The article posted above is a viral story that I saw frequently across my Facebook feed all of last week. It is about a young boy who asked his parent if he could get the same haircut as his best friend so that his teacher could not tell them a part. The “giant” twist to the story is that this boy is white and his best friend is black. I feel like similar stories cross my social media feeds frequently, in which white children are portrayed as heroic for seeing part of themselves in their non-white friends and treating them as their equal. I always find them troubling, especially because black people of all ages are constantly forced to compare and look for themselves in white representations, and they are never commended for it.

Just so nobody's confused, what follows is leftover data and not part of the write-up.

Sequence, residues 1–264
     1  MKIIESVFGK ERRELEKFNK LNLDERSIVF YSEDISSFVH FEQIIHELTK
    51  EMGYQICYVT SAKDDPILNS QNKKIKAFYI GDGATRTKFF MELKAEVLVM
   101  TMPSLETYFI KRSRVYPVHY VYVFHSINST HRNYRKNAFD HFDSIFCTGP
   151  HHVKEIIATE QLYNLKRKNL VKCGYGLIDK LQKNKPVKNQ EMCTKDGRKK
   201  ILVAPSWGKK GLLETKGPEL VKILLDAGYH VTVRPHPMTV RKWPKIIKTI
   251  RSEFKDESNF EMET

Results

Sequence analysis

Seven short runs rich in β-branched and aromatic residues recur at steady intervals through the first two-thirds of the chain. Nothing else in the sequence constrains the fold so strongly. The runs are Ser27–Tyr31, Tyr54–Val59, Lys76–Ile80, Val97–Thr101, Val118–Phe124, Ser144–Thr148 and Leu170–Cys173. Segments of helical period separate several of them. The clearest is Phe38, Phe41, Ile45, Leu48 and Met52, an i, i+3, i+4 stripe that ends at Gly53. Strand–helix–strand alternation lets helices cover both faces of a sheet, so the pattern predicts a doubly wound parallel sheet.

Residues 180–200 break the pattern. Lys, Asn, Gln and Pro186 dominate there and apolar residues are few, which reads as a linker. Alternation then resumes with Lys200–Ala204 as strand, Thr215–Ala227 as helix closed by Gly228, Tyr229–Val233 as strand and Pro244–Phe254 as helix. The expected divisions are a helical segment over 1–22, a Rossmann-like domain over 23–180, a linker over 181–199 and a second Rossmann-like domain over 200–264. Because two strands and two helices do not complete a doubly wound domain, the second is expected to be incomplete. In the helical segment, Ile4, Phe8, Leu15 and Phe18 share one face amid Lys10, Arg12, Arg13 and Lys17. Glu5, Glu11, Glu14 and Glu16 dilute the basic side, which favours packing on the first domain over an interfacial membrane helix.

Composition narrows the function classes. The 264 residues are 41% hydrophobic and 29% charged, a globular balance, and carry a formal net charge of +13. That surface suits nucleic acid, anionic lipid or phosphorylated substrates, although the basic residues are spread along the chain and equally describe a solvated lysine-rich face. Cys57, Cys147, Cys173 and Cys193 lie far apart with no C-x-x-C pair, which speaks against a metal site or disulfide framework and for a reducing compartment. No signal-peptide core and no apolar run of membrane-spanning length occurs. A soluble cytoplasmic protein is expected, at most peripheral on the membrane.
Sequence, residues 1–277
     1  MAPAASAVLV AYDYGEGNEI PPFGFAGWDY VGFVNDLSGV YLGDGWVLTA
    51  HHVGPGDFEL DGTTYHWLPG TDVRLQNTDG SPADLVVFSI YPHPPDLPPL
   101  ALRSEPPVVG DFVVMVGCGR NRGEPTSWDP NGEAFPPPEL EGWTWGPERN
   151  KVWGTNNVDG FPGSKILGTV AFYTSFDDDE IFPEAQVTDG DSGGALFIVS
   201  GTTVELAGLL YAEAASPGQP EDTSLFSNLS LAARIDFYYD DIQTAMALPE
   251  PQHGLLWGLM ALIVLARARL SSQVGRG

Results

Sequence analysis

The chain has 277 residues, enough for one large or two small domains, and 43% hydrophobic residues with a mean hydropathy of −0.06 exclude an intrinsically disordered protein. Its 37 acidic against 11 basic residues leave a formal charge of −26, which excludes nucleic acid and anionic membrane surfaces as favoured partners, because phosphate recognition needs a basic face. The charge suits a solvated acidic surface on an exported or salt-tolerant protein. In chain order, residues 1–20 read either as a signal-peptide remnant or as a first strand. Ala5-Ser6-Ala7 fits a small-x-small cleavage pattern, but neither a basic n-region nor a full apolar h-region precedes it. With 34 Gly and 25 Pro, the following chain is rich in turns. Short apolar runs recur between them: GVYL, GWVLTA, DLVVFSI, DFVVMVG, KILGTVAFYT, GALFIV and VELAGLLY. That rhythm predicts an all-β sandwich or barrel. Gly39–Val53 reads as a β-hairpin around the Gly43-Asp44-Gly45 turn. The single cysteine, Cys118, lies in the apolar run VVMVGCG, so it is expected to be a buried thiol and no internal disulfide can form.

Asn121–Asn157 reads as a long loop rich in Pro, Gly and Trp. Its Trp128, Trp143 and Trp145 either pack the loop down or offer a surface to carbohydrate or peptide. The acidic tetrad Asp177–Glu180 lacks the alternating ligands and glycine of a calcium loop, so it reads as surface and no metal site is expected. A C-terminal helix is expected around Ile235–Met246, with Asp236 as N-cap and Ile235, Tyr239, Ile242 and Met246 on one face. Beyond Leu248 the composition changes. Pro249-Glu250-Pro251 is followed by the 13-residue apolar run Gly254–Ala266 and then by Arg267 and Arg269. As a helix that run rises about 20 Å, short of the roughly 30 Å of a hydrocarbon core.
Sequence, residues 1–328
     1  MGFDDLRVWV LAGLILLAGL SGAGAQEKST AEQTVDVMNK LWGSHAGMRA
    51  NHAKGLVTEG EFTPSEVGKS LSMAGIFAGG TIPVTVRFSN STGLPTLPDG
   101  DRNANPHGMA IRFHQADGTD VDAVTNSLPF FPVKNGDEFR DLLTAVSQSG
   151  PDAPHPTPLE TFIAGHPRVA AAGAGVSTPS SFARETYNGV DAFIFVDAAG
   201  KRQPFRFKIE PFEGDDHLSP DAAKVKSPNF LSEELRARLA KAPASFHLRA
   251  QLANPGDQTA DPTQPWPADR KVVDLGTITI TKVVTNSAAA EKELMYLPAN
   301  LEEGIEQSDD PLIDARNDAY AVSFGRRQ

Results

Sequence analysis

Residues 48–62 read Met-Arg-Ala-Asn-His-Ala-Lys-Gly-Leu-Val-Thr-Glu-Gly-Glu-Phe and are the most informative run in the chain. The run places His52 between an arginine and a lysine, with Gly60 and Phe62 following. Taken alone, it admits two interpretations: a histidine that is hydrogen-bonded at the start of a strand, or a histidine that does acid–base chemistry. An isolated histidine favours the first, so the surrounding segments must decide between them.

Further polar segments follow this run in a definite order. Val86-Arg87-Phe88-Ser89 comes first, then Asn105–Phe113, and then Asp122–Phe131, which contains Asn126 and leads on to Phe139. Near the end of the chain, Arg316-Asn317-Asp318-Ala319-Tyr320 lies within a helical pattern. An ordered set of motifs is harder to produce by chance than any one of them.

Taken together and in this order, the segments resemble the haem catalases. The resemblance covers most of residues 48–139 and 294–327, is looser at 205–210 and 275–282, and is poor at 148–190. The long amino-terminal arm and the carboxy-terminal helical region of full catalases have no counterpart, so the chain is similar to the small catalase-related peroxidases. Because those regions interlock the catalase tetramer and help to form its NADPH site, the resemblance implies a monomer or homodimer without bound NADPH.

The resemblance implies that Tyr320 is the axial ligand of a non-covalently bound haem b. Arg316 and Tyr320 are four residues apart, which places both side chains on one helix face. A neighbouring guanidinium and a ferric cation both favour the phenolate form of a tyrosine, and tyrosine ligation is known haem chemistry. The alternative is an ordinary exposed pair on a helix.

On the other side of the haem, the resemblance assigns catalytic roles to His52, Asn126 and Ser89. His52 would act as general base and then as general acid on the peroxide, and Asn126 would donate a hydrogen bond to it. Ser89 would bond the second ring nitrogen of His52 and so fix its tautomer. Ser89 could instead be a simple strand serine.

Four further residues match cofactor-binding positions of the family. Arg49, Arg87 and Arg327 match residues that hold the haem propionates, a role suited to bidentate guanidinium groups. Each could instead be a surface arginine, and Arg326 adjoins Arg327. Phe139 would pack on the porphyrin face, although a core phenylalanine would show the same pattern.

I still feel that these stories being presented as groundbreaking and revolutionary, that a white person could look at a black person and not only see their race, is wrong. However, after reading Bell Hooks’ essay, I’m able to look at this story and think about these little boys’ love ethics. As Hooks writes, in order to awaken ourselves to love we must, “let go of our obsession with power and domination.” She goes on to mention that she has faith in white people’s ability to speak out against racism, and feels hopeful that we can change our minds and our actions. Thinking about this sentiment with respect to this story, it reminds me that we change constantly and that we change toward racism since it is something we learn slowly and often unknowingly throughout our lives. The love ethic and friendship between these children proves that these prejudices are learned, and Hooks argues that they can be unlearned.